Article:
The RealReal, a luxury consignment dealer, has recently faced scrutiny over allegations that its authentication process may not be as credible as the company may claim.
For those unfamiliar with the consignment process, vendors sell used luxury items to the RealReal. Afterward, those items would be “authenticated by an expert” from which point they would be posted on the site, available for purchase. The company gave consumers interested in designer goods an opportunity to purchase items at a discounted price and access to vintage pieces not currently available in stores.
However, reports published by CNBC depict that the behind the scenes of The RealReal is anything but praiseworthy: the company often employs poorly-trained copywriters to authenticate products to meet extreme quotas set by the company for each employee. This is obviously problematic given the high price of luxury items and The RealReal’s insistence that every product on their website is “100% real.”
For example, a second-hand Chanel bag on the website can cost up to $6,000, depending on factors such as the bag’s material, origin collection, and age. Not to mention, fake designer items have become increasingly convincing and therefore, increasingly difficult to distinguish from real items. The idea of paying thousands and thousands of dollars for a potentially inauthentic bag is an issue.
So, what role do influencers play in this debacle? Over the past few years, The RealReal has created partnerships with influencers. These sponsorships involve paying influencers to advertise luxury products from the company on social media platforms such as Instagram, YouTube, and personal blogs. Influencers have made a profit off of advertising these products, designer products that have been checked by inexperienced copywriters who lack the resources and background knowledge to properly identify whether or not a bag is authentic.
However, The RealReal controversy isn’t the first time influencers have promoted harmful or falsely advertised products. Notably, influencers across the platform have promoted fast fashion brands such as SheIn and Fashion Nova, both of which have murky employee treatment laws.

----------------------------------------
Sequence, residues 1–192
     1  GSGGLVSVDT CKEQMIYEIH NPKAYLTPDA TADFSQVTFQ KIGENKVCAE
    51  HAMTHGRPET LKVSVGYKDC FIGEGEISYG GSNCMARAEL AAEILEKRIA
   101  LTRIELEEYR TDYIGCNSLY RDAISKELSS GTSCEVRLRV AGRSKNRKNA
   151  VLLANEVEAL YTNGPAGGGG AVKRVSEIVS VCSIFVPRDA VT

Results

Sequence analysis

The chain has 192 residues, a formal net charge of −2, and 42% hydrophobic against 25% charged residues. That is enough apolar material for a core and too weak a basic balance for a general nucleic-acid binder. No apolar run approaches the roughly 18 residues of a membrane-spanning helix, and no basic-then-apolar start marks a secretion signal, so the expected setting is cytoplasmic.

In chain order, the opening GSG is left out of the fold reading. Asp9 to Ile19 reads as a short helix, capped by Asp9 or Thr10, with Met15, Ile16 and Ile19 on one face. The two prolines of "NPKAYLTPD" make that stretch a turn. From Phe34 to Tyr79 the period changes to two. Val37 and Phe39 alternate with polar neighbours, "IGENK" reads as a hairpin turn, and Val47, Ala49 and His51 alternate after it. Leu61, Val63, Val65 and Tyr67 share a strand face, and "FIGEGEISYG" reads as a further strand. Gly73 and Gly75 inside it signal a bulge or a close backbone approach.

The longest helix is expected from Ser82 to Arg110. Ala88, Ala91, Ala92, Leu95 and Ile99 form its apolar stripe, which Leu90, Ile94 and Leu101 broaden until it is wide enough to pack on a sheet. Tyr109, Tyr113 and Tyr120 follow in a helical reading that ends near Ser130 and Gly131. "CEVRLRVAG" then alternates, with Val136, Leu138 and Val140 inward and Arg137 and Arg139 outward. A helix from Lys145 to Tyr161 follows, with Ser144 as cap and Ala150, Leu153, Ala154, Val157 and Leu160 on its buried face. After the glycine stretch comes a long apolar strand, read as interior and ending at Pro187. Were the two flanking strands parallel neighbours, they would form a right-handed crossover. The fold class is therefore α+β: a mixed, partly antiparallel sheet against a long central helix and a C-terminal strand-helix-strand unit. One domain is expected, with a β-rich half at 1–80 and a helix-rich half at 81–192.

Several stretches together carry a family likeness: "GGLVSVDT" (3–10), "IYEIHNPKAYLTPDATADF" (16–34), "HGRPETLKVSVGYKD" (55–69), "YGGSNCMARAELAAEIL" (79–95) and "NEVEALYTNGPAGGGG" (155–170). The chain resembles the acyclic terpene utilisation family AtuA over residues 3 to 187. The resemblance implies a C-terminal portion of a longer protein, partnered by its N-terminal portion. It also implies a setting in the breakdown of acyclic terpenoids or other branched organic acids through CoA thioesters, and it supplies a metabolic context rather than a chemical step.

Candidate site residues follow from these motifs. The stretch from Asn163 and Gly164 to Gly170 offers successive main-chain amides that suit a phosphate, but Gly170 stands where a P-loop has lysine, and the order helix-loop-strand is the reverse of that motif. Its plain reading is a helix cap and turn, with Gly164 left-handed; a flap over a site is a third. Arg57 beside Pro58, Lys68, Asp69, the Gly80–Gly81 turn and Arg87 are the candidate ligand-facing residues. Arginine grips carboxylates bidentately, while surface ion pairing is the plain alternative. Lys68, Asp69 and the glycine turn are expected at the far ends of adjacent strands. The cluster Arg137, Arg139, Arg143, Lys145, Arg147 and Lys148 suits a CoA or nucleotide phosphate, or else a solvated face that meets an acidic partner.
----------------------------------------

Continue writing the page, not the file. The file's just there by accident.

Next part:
Furthermore, numerous YouTubers were criticized for promoting BetterHelp, an online therapy service, because they were accused of using their fans’ mental health struggles for profit. Many believed that the influencers should have limited their promotion of the site to a simple link in the description boxes of their videos to help viewers, rather than exploit their viewers’ mental health struggles.
Recently, a myriad of influencers have promoted care/of, a vitamin brand that stands out because daily vitamins are packaged individually in aesthetically pleasing, custom wrapping. This alternative to traditional vitamin bottles is significantly more wasteful for the mere sake of being visually appealing.
Celebrities like the Kardashian-Jenners often promote harmful weight loss products that push the patriarchal narrative of what a woman’s body should look like and that can lead to the formation of destructive eating disorders in young girls.
The lesson to be learned in this circumstance is that influencers must operate with the awareness that they are responsible for the products that they promote. They must consider all of the stakes of advertising a product, outside of the financial benefit or how “on brand” the product may seem. Without this consideration, influencers contribute to amplifying the toxicity of the social media realm and negatively affect the consumerist choices of their impressionable audiences.
As for The RealReal, the company’s fate is unclear. In order to survive, the brand will have to either limit employee quotas or increase the number of employees on top of replacing under-informed copywriters with well-trained designer authenticators. Even so, regaining buyers’ trust will be one of the larger obstacles that the brand will have to face.